Commencement Starts 11:30 Saturday

Due to rain in the forecast Saturday morning, the start time of the undergraduate ceremony has been delayed until 11:30 a.m. There will still be one ceremony outside in Biemesderfer Stadium. Gates open at 10 a.m.

Experiment of the Month

Observation of Free Fall Acceleration

Our labs do not have written instructions. In keeping with this spirit, the description given here will be brief and general. The intent is that each performance of the lab will be unique; in each nature will reveal a slightly different face to the observer.


Our students learn to make and analyze digital movies of physical events. The introductory exercise is to measure the acceleration of a falling ball. Each table (with three students at the table) has a video camera, connected to their computer. They adjust their cameras to frame the teacher on a ladder, and the trajectory of the ball. The ball is dropped and the video is recorded on the computer hard drive.

Using VideoPoint software, they click on the location of the ball in successive frames of the video record. The software stores the location, in the frame, of each clicked point. In a separate routine, they click on the two ends of a meter stick. With that information, the software produces a table of position as a function of time.

In the figure, the clicked ball locations are indicated, giving a nice visual indication that the velocity is not constant. (The time interval between the ball's arrival at each location is constant, approximately 1/60 second.)

Students take the data to a spreadsheet. There they calculate average velocity using adjacent time records. This velocity is plotted versus the time. The velocity points on the graph are scattered about a straight line.

Students find the slope of the straight line that fits the data. ( Methods for doing this calculation vary from instructor to instructor.)

Students believe in the veracity of slow motion video, so this experiment is a nice introduction to the ideas of velocity and acceleration.

In the earlier version of the falling ball experiment, the time to fall to the floor was measured and the results analyzed. At first glance it might seem that the current experiment is an unequivocal improvement. However, something was lost:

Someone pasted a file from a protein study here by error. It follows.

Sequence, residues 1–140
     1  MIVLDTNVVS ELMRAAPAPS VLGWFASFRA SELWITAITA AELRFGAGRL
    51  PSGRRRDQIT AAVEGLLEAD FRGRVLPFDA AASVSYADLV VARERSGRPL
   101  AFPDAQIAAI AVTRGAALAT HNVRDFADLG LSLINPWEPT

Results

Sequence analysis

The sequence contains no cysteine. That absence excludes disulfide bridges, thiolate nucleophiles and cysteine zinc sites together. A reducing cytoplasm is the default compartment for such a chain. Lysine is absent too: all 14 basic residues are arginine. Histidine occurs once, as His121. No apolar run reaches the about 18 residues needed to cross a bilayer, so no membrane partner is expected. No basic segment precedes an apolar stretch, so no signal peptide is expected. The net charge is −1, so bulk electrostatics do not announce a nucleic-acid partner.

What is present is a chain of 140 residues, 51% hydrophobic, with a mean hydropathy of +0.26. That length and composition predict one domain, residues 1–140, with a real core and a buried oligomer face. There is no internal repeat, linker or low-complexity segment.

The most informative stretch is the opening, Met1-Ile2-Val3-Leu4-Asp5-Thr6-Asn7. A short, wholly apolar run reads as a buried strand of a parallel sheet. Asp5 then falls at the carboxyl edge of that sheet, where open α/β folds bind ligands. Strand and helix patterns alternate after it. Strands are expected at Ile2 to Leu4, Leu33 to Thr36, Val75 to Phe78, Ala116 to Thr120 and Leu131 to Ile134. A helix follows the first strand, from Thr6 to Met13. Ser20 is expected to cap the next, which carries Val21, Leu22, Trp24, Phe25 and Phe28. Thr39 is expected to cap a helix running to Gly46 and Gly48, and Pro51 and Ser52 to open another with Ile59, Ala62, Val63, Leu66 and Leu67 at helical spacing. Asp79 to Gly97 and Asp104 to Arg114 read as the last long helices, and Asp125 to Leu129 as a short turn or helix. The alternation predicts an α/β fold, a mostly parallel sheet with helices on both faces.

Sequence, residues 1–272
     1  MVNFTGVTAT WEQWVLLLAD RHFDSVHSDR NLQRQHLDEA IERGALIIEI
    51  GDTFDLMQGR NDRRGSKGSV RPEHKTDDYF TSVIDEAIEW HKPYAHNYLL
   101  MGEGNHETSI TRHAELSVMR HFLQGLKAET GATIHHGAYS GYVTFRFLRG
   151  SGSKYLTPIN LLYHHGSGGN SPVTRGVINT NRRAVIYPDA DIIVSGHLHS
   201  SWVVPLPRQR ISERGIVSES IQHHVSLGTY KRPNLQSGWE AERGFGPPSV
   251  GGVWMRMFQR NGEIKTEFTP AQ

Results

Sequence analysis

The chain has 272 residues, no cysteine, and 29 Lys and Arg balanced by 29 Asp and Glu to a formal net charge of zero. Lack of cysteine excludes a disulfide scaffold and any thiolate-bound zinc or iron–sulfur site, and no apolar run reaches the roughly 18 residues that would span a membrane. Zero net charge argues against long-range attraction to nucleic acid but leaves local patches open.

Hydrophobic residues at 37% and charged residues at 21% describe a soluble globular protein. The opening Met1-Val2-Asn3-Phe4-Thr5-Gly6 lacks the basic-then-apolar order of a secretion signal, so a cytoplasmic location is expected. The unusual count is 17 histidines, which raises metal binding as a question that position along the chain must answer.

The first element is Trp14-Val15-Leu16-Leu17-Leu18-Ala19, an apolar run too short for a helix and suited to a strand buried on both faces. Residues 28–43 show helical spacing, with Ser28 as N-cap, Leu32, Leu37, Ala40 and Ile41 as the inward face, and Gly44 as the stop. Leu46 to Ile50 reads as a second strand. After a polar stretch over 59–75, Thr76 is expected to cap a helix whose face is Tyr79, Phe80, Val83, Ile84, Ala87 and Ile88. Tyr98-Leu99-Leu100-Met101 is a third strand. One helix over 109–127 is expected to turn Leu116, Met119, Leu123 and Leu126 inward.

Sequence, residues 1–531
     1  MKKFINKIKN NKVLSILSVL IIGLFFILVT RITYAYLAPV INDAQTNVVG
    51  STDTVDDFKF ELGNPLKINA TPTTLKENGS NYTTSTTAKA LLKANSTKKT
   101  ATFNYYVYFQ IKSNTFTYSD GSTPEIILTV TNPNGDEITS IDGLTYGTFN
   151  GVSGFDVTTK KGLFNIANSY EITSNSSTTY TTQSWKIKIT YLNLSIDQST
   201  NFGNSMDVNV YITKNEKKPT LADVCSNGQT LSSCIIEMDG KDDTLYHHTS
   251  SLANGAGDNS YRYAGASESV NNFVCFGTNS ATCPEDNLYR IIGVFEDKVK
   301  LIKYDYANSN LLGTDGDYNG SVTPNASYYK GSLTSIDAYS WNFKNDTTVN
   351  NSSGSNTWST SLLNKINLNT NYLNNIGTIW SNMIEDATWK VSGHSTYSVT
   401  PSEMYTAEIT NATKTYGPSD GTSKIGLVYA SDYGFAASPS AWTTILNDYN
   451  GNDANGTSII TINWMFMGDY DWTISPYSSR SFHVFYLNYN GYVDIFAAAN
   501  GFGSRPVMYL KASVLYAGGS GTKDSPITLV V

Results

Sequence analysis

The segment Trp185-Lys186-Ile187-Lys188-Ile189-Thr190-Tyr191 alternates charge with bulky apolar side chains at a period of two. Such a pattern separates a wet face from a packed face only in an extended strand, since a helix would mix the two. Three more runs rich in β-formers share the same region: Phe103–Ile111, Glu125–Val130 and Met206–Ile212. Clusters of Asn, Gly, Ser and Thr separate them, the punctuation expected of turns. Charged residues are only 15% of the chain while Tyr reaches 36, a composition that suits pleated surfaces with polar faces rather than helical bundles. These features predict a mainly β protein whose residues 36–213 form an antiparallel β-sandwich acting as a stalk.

In the earlier experiment we proposed two models (constant velocity and constant acceleration) for how a ball falls. Data take from a 1 meter drop can be interpreted to yield the value of either the "constant" velocity or the "constant" acceleration. In order to test the models, each is used to predict the time of fall for a 2 meter drop, based on the 1 meter drop results.

The constant velocity model predicts a doubling of the fall time, while the constant acceleration model predicts an increase by a factor of 1.4 (square root of 2). The experiment is done, and the results used to decide which model better describes the falling ball.

The earlier experiment presents a microcosm of physics at work; experiment, analysis, prediction, test. The current experiment is good at communicating the concepts of velocity and acceleration. At the end of this experiment you find your self in the same position as you are in the check-out line of a supermarket. You have the groceries, but you have not begun to cook.

In our course, the cooking for this lab is done in lecture, with stop watches in the hands of a dozen students. We measure the time for a 1 meter drop, predict the 2 meter time with each model, and test the prediction. In addition to eliminating the constant velocity model, the data provide motivation for error analysis in future laboratory exercises.